It’s free — and it’s filled with lots of artistic eye candy.

Print Austin’s Bin Fest and Expo happens noon to 5 p.m. Saturday at the Canopy arts complex, 916 Springdale Road.  printaustin.org.

There will be printmaking demonstrations as well as a host of indie fine printmakers hawking their creations.

Print Austin is the artist-run month-long corral of the city’s considerable fine art printmaking scene.

Check out shows at five galleries — Big Medium, Modern Rocks, the Women Printmakers of Austin’s Bone Black Gallery, Art Science Gallery — and a couple of pop-up shows too. And several artists will have open studios.

Carlos Hernandez’ “Pop Prints” is at Modern Rocks Gallery in the Canopy complex.

Some 30 artists have have filled the bins in the Canopy courtyard with more than 150 original works of art that visitors can flip through and purchase.

And yes, prices are affordable.

What’s a fine art print?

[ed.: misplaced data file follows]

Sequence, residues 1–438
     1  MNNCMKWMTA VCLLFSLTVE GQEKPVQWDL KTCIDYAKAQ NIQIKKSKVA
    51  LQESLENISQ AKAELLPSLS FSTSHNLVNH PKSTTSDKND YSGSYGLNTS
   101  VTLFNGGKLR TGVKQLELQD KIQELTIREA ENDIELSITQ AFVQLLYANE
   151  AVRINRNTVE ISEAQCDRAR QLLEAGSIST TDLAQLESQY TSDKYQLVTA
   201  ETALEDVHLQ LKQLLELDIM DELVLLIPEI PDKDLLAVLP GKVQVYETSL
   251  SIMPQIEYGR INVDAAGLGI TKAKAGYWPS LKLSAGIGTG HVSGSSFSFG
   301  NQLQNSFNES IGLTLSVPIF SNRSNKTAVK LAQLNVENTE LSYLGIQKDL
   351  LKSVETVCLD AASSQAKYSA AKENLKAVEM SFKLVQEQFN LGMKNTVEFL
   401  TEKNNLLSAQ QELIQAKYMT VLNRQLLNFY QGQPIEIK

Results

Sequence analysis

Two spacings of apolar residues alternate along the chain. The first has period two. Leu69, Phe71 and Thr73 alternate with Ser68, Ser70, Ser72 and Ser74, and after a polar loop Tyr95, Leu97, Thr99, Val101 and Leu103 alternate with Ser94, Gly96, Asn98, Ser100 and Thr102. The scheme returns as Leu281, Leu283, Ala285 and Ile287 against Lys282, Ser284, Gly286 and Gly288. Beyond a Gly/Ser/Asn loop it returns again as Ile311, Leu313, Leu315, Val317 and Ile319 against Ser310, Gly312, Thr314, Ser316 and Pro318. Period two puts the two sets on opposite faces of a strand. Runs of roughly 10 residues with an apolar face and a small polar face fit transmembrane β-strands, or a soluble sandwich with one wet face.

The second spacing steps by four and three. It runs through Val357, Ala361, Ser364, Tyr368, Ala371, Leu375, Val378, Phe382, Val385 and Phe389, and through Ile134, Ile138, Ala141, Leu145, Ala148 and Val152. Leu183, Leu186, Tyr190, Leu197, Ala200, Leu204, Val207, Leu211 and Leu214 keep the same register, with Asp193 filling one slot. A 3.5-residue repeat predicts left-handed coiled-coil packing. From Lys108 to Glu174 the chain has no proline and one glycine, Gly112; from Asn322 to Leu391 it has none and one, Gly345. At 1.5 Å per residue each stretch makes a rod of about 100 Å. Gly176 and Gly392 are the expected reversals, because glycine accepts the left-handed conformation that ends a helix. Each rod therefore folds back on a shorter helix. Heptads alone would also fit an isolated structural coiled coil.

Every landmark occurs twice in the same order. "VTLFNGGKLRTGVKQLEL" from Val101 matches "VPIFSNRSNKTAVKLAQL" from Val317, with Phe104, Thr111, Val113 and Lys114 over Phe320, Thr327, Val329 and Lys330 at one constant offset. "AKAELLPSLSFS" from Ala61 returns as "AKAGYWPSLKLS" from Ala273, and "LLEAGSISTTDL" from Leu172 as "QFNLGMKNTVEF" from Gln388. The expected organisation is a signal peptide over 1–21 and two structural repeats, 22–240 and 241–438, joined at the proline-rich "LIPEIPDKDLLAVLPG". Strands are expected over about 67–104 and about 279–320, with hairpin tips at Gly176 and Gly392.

Fine art prints are not merely duplicates of an original like a mechanically printed poster. Though a painting, drawing or sketch can be used as a starting point, each print is an original work of art, made by the hand of the artist who usually works in tandem with a master printmaker.

Printmaking is arduous work, with most techniques involving a complicated, slow-going series of steps demanding an exacting attention to detail.

Melissa Brown’s linocuts are at Big Medium Gallery.

Many printmaking techniques such as woodcuts, engraving, mezzotint, etching and lithography are centuries old.

Prints are created in sets, referred to as editions. But each print is a unique impression of the same image. Individual impressions vary from one another, sometimes widely.

Elvia Perrin, “Clean Cut,” intaglio. At the pop-up exhibit “Collective Identity” at Invenio in the Canopy arts complex.